This site is intended for healthcare professionals

Go to /sign-in page

You can view 5 more pages before signing in

NICE - blood glucose self monitoring for type 1 diabetes

Last reviewed dd mmm yyyy. Last edited dd mmm yyyy

Authoring team

Self-monitoring of blood glucose

Adults with type 1 diabetes should be offered a choice of real-time continuous glucose monitoring (rtCGM) or intermittently scanned continuous glucose monitoring (isCGM, commonly referred to as 'flash'), based on their individual preferences, needs, characteristics, and the functionality of the devices available (1)

  • advise adults with type 1 diabetes who are using CGM that they will still need to take capillary blood glucose measurements (although they can do this less often). Explain that this is because:
    • they will need to use capillary blood glucose measurements to check the accuracy of their CGM device
    • they will need capillary blood glucose monitoring as a back-up (for example, when their blood glucose levels are changing quickly or if the device stops working). Provide them with enough test strips to take capillary blood glucose measurements as needed
  • if a person cannot use or does not want rtCGM or isCGM, offer capillary blood glucose monitoring

Self-monitoring of capillary blood glucose

  • advise adults with type 1 diabetes who are using capillary blood glucose monitoring to routinely self-monitor their blood glucose levels, and to measure at least 4 times a day (including before each meal and before bed)

Frequency of self-monitoring of blood glucose

  • support adults with type 1 diabetes who are using capillary blood glucose monitoring to measure at least 4 times a day, and up to 10 times a day:
    • if their target for blood glucose control, measured by HbA1c level), is not reached
      • Support adults with type 1 diabetes to aim for a target HbA1c level of 48 mmol/mol (6.5%) or lower, to minimise the risk of long-term vascular complications
      • Agree an individualised HbA1c target with each adult with type 1 diabetes. Take into account factors such as their daily activities, aspirations, likelihood of complications, comorbidities, occupation and history of hypoglycaemia
      • ensure that aiming for an HbA1c target is not accompanied by problematic hypoglycaemia in adults with type 1 diabetes
      • diabetes services should document the proportion of adults with type 1 diabetes who reach an HbA1c level of 53 mmol/mol (7%) or lower
    • if they are having more frequent hypoglycaemic episodes
    • if there is a legal requirement to do so, such as before driving (see the Driver and Vehicle Licensing Agency [DVLA] guide for medical professionals)
    • during periods of illness
    • before, during and after sport
    • when planning pregnancy, during pregnancy and while breastfeeding (see NICE's guideline on diabetes in pregnancy)
    • if they need to know their blood glucose levels more than 4 times a day for other reasons (for example, impaired hypoglycaemia awareness, or they are undertaking high-risk activities)
  • enable additional blood glucose measurement (more than 10 times a day) for adults with type 1 diabetes who are using capillary blood glucose monitoring if this is necessary because of:
    • the person's lifestyle (for example, they drive for long periods, they undertake high-risk activities or have a high-risk occupation, or they are travelling) or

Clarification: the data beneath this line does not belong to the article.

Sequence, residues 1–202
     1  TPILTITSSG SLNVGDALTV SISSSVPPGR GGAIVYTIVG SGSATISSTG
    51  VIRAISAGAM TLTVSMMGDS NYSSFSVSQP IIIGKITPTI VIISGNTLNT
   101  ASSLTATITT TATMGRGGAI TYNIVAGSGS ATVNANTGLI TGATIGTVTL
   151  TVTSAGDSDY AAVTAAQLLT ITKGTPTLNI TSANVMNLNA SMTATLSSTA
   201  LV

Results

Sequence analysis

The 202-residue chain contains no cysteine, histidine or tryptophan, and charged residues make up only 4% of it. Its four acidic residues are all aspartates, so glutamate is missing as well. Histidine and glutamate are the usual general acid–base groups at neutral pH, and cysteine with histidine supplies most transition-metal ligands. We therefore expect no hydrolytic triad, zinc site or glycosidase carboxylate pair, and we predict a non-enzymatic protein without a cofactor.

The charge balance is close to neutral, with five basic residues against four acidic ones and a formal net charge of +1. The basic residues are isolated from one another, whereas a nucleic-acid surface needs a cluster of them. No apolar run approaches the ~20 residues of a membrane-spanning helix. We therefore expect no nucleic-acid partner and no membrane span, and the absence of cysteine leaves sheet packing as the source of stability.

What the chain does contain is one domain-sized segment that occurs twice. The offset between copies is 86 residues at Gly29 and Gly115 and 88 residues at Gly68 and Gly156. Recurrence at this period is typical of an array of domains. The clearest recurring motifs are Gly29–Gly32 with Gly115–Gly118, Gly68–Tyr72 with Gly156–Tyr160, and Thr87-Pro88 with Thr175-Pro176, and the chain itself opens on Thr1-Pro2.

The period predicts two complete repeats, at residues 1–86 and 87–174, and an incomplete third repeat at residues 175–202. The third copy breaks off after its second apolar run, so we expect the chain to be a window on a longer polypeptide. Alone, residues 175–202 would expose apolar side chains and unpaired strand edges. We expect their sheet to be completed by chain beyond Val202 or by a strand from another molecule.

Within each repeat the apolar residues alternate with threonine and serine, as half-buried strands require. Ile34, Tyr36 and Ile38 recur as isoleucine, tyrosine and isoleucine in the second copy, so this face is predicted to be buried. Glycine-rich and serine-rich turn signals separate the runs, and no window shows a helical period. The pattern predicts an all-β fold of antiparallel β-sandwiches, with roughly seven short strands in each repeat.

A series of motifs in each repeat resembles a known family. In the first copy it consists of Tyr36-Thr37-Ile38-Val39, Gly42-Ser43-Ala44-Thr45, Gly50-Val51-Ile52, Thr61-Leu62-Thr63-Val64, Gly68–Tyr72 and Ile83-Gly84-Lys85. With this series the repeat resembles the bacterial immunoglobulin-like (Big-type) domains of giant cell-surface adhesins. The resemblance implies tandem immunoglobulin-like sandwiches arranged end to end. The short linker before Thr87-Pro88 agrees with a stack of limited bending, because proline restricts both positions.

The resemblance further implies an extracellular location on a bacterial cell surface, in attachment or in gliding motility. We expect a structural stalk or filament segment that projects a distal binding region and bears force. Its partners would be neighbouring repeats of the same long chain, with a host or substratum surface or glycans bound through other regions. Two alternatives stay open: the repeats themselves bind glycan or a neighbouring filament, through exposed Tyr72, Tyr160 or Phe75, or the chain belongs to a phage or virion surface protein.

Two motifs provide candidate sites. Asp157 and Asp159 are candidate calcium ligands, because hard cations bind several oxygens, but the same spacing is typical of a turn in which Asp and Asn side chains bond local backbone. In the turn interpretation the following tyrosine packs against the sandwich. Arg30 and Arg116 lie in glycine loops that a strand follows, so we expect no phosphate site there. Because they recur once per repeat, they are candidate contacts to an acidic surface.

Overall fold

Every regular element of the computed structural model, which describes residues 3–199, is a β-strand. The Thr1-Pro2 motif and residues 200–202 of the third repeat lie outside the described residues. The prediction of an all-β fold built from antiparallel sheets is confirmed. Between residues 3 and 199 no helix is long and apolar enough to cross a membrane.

• impaired hypoglycaemia awareness

  • support adults with type 1 diabetes to test at least 4 times a day, and up to 10 times a day if any of the following apply:
    • the desired target for blood glucose control, measured by HbA1c level, is not achieved
    • the frequency of hypoglycaemic episodes increases
    • there is a legal requirement to do so (such as before driving, in line with the Driver and Vehicle Licensing Agency [DVLA] At a glance guide to the current medical standards of fitness to drive)
    • during periods of illness
    • before, during and after sport
    • when planning pregnancy, during pregnancy and while breastfeeding (see the NICE guideline on diabetes in pregnancy)
    • if there is a need to know blood glucose levels more than 4 times a day for other reasons (for example, impaired awareness of hypoglycaemia, high-risk activities)

It may be necessary to self-monitor more than 10 times per day

  • because of the person's lifestyle (for example, driving for a long period, undertaking high-risk activity or occupation, travel) or if the person has impaired awareness of hypoglycaemia

Blood glucose targets

  • advise adults with type 1 diabetes to aim for:
    • a fasting plasma glucose level of 5-7mmol/litre on waking and
    • a plasma glucose level of 4-7mmol/litre before meals at other times of the day

  • advise adults with type 1 diabetes who choose to test after meals to aim for a plasma glucose level of 5-9 mmol/litre at least 90 minutes after eating - this timing may be different in pregnancy

  • clinicians should agree bedtime target plasma glucose levels with each adult with type 1 diabetes
    • take into account timing of the last meal and its related insulin dose, and ensure target is consistent with the recommended fasting level on waking

Reference:

  1. NICE (August 2022). Type 1 diabetes in adults: diagnosis and management

 


Related pages

Create an account to add page annotations

Annotations allow you to add information to this page that would be handy to have on hand during a consultation. E.g. a website or number. This information will always show when you visit this page.